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The Association of Certified Fraud Examiners estimates that fraud costs organizations worldwide $3.7 trillion a year and that a typical company loses five percent of annual revenue due to fraud. Fraud attempts are expected to even increase further in future, making fraud detection highly necessary in most industries. This course will show how learning fraud patterns from historical data can be used to fight fraud. Some techniques from robust statistics and digit analysis are presented to detect unusual observations that are likely associated with fraud. Two main challenges when building a supervised tool for fraud detection are the imbalance or skewness of the data and the various costs for different types of misclassification. We present techniques to solve these issues and focus on artificial and real datasets from a wide variety of fraud applications.
Introduction & MotivationFree
This chapter will first give a formal definition of fraud. You will then learn how to detect anomalies in the type of payment methods used or the time these payments are made to flag suspicious transactions.Introduction & Motivation50 xpImbalanced class distribution100 xpCost of not detecting fraud100 xpTime features50 xpCircular histogram100 xpSuspicious timestamps100 xpFrequency features50 xpFrequency feature for one account100 xpFrequency feature for multiple accounts100 xpRecency features50 xpRecency feature100 xpComparing frequency & recency100 xp
Social network analytics
In the second chapter, you will learn how to use networks to fight fraud. You will visualize networks and use a sociology concept called homophily to detect fraudulent transactions and catch fraudsters.Social network analytics50 xpAnalyzing a network100 xpOverlapping edges100 xpFraud and social network analysis50 xpLooking for homophily in a network100 xpVisualizing node attributes100 xpSocial network based inference50 xpRelational vs non-relational models50 xpRelational neighbor classifier100 xpSocial network metrics50 xpDegree, closeness & betweenness100 xpAdding network features100 xp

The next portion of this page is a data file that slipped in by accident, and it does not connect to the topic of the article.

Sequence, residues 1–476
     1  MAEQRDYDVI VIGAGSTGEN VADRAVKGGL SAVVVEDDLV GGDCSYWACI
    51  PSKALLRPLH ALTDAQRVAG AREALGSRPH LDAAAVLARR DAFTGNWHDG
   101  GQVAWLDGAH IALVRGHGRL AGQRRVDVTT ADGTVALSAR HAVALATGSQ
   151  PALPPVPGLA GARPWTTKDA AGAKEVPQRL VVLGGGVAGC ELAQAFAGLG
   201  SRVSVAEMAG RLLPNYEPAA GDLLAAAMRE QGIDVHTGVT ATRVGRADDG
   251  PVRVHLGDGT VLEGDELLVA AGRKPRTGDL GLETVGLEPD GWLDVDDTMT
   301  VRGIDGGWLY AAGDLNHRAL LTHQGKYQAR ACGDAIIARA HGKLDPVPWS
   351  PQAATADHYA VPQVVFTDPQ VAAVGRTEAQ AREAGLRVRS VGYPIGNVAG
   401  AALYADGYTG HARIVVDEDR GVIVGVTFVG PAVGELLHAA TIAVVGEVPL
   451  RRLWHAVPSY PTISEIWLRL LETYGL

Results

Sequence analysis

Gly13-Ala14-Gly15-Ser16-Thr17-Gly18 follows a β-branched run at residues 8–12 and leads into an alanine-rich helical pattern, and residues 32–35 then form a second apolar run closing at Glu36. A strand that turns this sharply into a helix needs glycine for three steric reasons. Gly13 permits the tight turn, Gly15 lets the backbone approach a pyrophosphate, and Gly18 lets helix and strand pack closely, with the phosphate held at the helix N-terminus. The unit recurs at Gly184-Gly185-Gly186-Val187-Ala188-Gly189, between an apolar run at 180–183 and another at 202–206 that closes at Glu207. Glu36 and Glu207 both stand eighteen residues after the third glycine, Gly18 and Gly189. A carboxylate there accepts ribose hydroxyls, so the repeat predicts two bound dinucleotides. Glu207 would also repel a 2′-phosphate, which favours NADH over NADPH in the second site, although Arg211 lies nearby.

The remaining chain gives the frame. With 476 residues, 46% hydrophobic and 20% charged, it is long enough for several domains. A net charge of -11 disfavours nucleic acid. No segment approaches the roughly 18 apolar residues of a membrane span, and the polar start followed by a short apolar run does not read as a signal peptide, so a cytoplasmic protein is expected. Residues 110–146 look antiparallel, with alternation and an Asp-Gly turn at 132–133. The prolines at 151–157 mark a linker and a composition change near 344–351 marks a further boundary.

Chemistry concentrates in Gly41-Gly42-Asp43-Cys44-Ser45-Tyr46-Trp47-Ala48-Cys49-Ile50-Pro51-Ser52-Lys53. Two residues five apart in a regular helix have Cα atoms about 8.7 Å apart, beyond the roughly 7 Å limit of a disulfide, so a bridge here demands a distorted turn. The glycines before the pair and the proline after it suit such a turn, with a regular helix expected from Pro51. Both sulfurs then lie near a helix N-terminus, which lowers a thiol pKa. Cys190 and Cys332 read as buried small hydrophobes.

Imbalanced class distributions
Fortunately, fraud occurrences are rare. However, this means that you're working with imbalanced data, which if left as is will bias your detection models. In this chapter, you will tackle imbalance using over and under-sampling methods.Dealing with imbalanced datasets50 xpHow to deal with class imbalance?50 xpVisualizing patterns in the data100 xpRandom over-sampling100 xpRandom under-sampling50 xpShrinking the majority group100 xpCombining ROS & RUS100 xpSynthetic Over-sampling50 xpHave you met SMOTE?50 xpSMOTE100 xpFrom dataset to detection model50 xpBuild your own detection model100 xpTrue cost of fraud detection100 xp
Digit analysis and robust statistics
In this final chapter, you will learn about a surprising mathematical law used to detect suspicious occurrences. You will then use robust statistics to make your models even more bulletproof.Digit analysis using Benford's law50 xpBenford's Law for first digit100 xpConformity of census data100 xpBenford's Law for fraud detection50 xpConformity to Benford's Law50 xpFire insurance claims100 xpPayments data set100 xpDetecting univariate outliers50 xpComputing robust z-scores100 xpBoxplot100 xpDetecting multivariate outliers50 xpMultivariate outlier detection100 xp
Professor in Analytics and Data Science at KU Leuven
Bart Baesens is professor in Analytics and Data Science at the Faculty of Economics and Business of KU Leuven, and a lecturer at the University of Southampton (UK). He has done extensive research on big data & analytics, credit risk analytics and fraud analytics. He regularly tutors, advises and provides consulting support to international firms with respect to their big data, analytics and fraud & credit risk management strategy.
PhD researcher in Data Science at KU Leuven
Sebastiaan Höppner is a PhD researcher at the Section of Statistics and Data Science of the Departement of Mathematics at KU Leuven (Belgium). His research is mainly focused on developing new statistical tools and machine learning models that are capable of detecting credit transfer fraud.
Professor at KU Leuven
Tim Verdonck is a professor in Statistics and Data Science at the Department of Mathematics of KU Leuven (Belgium). He is also a visiting professor at the School of Economics, Management and Statistics at the University of Bologna (Italy), where he gives a course in the Master in Quantitative Finance. He is chairholder of the BNP Paribas Fortis Chair in Fraud Analytics, which investigates the use of predictive analytics in the context of payment fraud. Tim Verdonck is also chairholder of the Allianz Chair Prescriptive Business Analytics in Insurance. His research interests are in the development and application of robust statistical methods for financial, actuarial and economic data sets.